Tuesday, December 15, 2009

Climate and Altruism

Writing from the floor of the climate summit in Copenhagen this week, Danish economist Bjorn Lomborg suggested that a singular focus on reducing greenhouse gas emissions was misguided. Such cuts, he argues, would be "breathtakingly expensive and woefully ineffective" and the money would be better spent on more immediate problems like global health and education in developing countries. Is his suggestion realistic, or just a diversion?

In his 1970 book "The Possibility of Altruism", philosopher Thomas Nagel tried to understand why people make sacrifices -- sometimes even give their lives -- to save others. He argued that the notion of altruism is similar to the notion of prudence. Just as a prudent individual must extend their concept of self to another time, an altruistic individual must extend their concept of self to a different space, in another person. Thus, if we believe it is important to plan for our own future (prudence), it is possible to act on an analogous belief in the value of other people's lives (altruism). It was an assertion of the commutability of space and time that would have made Einstein proud. This is relevant to Lomborg's suggestion because the arguments for taking action on climate change invoke both prudence and altruism: we should reduce our carbon emissions to secure our own future, but also to improve the future of our children and the citizens of developing nations who will be most affected.

Richard Dawkins promotes a different view of altruism in his 1976 book "The Selfish Gene". He suggests that it is useful to think of altruism from the perspective of the individual genes inside of a person. Instead of attaching a survival instinct to the individual, Dawkins ascribes this trait to the genes themselves. In this view, a gene does not care where it survives -- only that it survives. As a consequence, if I have two children who are in danger of being eaten by a lion it is rational from the perspective of my genes to risk my life to save them. Since each of my children shares half of my genes, my complete DNA may have a better chance of continuing to survive in the two kids than in me. Brothers and sisters are even more likely to share my genes, while more distant relatives share less and citizens of developing countries share almost none. According to Dawkins, any act of altruism must be justified by this sort of detailed calculus. This naturally explains why the average person feels very little obligation to ease the suffering of people in distant lands, whether caused by climate change or more immediate problems.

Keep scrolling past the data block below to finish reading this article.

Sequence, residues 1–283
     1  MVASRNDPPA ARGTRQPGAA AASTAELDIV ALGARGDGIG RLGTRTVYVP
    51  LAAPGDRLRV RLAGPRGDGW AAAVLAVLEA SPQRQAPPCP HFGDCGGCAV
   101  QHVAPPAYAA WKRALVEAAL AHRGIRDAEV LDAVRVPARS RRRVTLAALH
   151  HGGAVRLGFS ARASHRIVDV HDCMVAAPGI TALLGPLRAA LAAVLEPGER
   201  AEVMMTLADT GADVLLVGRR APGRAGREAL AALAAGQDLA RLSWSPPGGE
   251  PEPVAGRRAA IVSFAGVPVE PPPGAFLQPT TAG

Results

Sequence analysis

Lomborg is a former Greenpeace member, and author of the 2001 book "The Skeptical Environmentalist" where he applies the economic principle of cost-benefit analysis to world problems. Whatever your understanding of altruism, his suggestion that the world should address the more immediate problems in developing countries rather than fight climate change is a false dichotomy. If the international community had the will to improve human health and education in the third world, it would have done so already. On the other hand, climate change is a problem that will affect the entire planet -- not just developing nations -- so the motivation to avoid the worst consequences is a personal imperative whether Nagel or Dawkins is right about altruism. Whether we cap our emissions because we recognize the humanity of others or because we simply want our genes to survive in our children, the outcome will be the same.

The worst thing that could happen at the climate summit in Copenhagen is nothing. If the delegates fail to reach a consensus on carbon reductions, there is at least one good idea promoted by Lomborg. "Instead of making far-fetched promises about greenhouse gases," he writes, "how about a concrete commitment to green energy research and development?" Now there's something we can all support.

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